THE DEPARTMENT of Education Culture and Sports (DECS) provides a classic case of corruption in the Philippines. Nearly all forms of corruption described in academic textx can eb found in the department: from low-level bureaucratic corruption to high-level political corruption involving education officials, legislators, and Cabinet secretaries. The result is an education bureaucracy so ridden with graft that it is barely able to deliver the most basic educational services to the country’s 15 million public school students.
This investigation shows in graphic detail how corruption permeates all levels of the public educational system, from the DECS central office in Pasig to the school on a remote island in the fringes of the archipelago. Corruption assumes various forms, from petty or survival corruption engaged in by lowly clerks who sit on papers until suppliers cough up grease money to top-level corruption where policy-makers at the Pasig or regional offices change, bend or breach the rules to favor suppliers that come up with bribes.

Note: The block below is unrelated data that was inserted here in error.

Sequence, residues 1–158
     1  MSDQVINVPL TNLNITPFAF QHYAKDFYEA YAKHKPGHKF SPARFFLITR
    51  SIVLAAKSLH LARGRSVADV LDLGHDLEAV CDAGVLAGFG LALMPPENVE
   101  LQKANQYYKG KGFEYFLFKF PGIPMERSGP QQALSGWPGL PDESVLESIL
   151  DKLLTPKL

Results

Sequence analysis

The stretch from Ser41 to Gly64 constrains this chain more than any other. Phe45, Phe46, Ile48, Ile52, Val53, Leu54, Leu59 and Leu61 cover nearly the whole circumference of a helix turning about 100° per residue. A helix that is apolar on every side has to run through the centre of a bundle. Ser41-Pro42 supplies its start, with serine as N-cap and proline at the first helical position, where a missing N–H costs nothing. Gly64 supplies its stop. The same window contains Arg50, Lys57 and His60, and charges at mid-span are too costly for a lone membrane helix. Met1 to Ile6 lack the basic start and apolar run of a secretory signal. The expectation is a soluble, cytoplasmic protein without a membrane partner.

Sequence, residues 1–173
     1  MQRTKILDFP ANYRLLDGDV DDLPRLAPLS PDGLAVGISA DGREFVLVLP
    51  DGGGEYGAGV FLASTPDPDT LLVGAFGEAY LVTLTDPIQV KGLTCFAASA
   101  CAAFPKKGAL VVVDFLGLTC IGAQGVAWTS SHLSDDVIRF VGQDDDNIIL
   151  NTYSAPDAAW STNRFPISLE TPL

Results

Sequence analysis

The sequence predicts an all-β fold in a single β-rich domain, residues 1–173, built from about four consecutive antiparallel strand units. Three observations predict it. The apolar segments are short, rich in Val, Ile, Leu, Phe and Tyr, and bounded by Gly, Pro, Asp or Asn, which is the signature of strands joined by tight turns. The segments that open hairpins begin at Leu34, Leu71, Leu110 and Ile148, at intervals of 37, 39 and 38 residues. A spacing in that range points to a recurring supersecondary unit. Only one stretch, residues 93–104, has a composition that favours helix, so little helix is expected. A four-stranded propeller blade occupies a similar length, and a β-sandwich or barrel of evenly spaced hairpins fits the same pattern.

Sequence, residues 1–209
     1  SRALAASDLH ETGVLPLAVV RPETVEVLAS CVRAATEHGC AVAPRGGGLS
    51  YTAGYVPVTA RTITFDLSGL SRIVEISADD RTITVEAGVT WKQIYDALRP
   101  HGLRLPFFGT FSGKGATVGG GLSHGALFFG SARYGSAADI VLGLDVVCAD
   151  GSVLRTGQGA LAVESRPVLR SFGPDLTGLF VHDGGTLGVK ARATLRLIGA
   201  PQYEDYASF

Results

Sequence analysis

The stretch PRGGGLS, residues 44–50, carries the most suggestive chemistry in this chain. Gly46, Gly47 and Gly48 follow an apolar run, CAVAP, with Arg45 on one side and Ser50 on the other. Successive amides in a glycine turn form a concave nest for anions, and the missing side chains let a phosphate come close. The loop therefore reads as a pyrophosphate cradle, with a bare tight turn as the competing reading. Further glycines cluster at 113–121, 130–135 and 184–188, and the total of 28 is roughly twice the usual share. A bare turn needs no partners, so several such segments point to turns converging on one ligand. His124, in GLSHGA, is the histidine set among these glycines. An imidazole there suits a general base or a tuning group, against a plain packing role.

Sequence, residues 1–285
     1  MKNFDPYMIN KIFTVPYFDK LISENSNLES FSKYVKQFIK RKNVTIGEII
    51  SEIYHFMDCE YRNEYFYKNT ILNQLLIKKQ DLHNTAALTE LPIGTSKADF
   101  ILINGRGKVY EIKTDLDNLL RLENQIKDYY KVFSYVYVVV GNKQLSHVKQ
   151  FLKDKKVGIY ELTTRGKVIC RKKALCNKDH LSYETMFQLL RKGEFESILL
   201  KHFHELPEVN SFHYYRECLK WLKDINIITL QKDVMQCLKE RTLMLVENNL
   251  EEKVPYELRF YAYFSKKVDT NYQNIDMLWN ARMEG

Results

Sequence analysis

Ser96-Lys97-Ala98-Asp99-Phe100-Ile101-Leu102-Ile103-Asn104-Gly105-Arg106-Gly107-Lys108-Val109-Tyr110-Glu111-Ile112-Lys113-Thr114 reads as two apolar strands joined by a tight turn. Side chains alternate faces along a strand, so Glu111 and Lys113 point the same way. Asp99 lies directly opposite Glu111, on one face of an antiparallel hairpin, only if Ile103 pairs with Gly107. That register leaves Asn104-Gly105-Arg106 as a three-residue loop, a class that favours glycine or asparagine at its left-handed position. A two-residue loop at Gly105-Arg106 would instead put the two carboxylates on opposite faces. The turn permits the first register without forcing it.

The areas most vulnerable to corruption are procurement and recruitment. Money changes hands at nearly every stage of procurement, from the accreditation to the payment of suppliers. Money is also given out from the time a teacher applies for a job up to the time she requests for a change in assignment or works for a promotion. In some cases, expensive gifts replace money in cash-less transactions that take place in the education bureaucracy.
Embezzlement, nepotism, influence peddling, fraud and other types of corruption also flourish. Corruption has become so institutionalized that payoffs have become the lubricant that makes the education bureaucracy run smoothly. The result: an entire geenration of Filipino students robbed of their right to a good education.